The Queen, The Queen Mother, Thatcher, Elizabeth Taylor and Quentin Crisp.
The Queen, and The Queen Mother.
I had the great privilege, through my job as racing correspondent for the Daily Mail to rub shoulders with the Queen and the Queen Mother. My wife Linda and I had a ten minute chat with the Queen Mother in the dining room of the Ascot racecourse Trustees. She was 91 and yet very aware of everything. For example she blocked the entreaties of a Channel Four executive who was begging her to use her influence to ditch the BBC contract at Ascot in favour of his employers. No joy. She and discussed how expensive it is to have racehorses in training.
I met Mrs Thatcher several times in late 1969 and early 1970 when she was Shadow Education Minister. She was full of energy and mastered her brief very quickly. She was ante comprehensive schools, having herself been educated at a selective Grammar school in Grantham, Lincs. She found me and my fellow education correspondents very left wing in our views. There was one exception – the Daily Mail’s Rod Tyler who formed a friendship which resulted in his writing an acclaimed biography of the Iron Lady.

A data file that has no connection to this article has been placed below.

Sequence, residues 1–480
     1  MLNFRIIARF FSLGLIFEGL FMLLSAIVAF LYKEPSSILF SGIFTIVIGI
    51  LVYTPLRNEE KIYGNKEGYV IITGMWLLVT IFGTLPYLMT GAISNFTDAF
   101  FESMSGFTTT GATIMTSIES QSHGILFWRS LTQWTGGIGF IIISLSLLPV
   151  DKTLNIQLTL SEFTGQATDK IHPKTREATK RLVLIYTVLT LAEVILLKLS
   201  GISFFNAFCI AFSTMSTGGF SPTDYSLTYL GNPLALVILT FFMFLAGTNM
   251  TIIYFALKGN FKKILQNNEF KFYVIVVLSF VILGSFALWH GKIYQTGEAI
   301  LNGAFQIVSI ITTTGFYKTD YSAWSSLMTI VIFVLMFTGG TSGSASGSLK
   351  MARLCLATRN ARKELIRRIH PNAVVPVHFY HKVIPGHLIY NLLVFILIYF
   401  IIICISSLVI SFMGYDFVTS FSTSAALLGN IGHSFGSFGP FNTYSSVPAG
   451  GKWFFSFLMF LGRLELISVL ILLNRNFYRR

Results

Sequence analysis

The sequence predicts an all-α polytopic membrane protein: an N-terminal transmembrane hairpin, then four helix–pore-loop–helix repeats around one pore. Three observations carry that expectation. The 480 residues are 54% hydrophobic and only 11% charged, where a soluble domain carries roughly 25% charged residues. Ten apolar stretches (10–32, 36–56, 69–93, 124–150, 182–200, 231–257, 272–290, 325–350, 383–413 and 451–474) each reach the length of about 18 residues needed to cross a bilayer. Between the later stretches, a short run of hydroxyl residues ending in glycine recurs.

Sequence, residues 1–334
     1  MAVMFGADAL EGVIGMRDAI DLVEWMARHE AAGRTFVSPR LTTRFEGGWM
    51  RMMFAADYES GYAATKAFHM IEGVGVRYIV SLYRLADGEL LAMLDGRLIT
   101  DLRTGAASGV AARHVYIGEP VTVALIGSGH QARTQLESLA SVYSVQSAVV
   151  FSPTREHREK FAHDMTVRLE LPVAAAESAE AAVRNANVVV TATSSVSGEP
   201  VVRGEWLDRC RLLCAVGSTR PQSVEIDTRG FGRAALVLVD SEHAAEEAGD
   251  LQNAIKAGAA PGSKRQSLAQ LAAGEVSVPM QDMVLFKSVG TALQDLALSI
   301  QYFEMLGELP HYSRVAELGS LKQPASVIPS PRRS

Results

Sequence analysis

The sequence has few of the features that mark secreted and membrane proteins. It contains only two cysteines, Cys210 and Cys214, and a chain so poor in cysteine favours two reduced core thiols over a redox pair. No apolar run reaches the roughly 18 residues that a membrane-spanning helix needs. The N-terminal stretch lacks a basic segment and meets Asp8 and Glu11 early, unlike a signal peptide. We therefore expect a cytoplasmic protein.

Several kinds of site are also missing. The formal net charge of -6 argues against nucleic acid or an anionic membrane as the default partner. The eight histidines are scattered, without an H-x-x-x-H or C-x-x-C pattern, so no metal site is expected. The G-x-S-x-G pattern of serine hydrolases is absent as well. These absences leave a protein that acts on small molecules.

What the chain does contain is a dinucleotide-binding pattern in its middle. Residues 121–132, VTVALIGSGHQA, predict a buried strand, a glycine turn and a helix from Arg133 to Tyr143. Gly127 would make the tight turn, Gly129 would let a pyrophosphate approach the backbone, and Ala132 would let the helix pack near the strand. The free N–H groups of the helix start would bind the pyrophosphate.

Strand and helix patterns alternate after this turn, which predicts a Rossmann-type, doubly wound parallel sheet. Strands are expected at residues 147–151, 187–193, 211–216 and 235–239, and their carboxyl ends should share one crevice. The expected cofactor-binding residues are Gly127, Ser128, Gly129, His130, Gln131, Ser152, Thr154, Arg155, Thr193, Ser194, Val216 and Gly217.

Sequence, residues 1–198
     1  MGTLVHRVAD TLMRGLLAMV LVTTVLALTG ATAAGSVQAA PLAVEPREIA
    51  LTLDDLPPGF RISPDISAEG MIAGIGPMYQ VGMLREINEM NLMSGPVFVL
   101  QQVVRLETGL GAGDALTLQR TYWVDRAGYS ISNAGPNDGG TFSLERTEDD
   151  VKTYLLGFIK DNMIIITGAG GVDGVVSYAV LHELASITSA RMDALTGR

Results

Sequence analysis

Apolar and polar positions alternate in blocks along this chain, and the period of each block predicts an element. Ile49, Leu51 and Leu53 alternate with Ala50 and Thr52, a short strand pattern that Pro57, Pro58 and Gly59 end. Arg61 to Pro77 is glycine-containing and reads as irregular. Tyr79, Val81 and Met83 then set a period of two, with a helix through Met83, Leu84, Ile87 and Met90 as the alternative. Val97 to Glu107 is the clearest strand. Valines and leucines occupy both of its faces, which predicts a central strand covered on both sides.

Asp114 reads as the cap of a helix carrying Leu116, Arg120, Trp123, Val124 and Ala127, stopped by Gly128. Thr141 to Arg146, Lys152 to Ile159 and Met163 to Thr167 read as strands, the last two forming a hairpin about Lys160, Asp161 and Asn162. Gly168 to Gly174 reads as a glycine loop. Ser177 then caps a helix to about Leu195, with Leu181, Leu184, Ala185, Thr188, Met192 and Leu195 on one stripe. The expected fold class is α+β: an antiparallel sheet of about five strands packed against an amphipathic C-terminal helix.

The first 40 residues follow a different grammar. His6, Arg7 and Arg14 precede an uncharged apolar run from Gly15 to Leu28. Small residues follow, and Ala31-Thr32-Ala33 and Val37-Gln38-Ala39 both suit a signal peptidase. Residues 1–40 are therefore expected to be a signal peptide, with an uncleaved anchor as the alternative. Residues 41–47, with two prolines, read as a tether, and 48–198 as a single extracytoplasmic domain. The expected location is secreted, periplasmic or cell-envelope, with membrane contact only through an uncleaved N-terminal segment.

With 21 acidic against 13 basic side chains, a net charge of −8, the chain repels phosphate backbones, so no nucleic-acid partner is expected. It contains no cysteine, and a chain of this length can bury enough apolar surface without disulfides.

Elizabeth & Richard.
I was fortunate to meet Elizabeth Taylor and Richard Burton a couple of times. On the first occasion they were playing Dr Faustus at the New Theatre, Oxford in 1966. My wife and I sat down at a post performance party in the Randolph hotel and Burton came to join us because his best friends from Wales were talking to us. We had a whole evening with him and he promised me an interview at their hotel the following morning. Burton was as good as his word, sat down in the Bear, Woodstock, with a bottle of vodka while I had a coffee and croissants. Two years later I was at the Tower of London when they moored a huge yacht beside Traitors’ Gate. They had chartered the yacht so that Elizabeth could bring her pet dogs with her – otherwise they would have had to be quarantined!
The Naked Civil Servant, aka Quentin Crisp, was a regular lunchtime visitor at our Battersea home on Sundays in the early 1980s. He would come over from Chelsea with his friend Peter York, the man who created the Sloane Ranger phenomenon. It was like inviting Oscar Wilde to your home. He was excruciatingly funny with put downs which had everyone in stitches of laughter. He would never use your first names – we were always Mr and Mrs Mackenzie. His principal advice was not to bother with a cleaner – “My dears,” he would say. “The dirt gets no worse after three years without one.”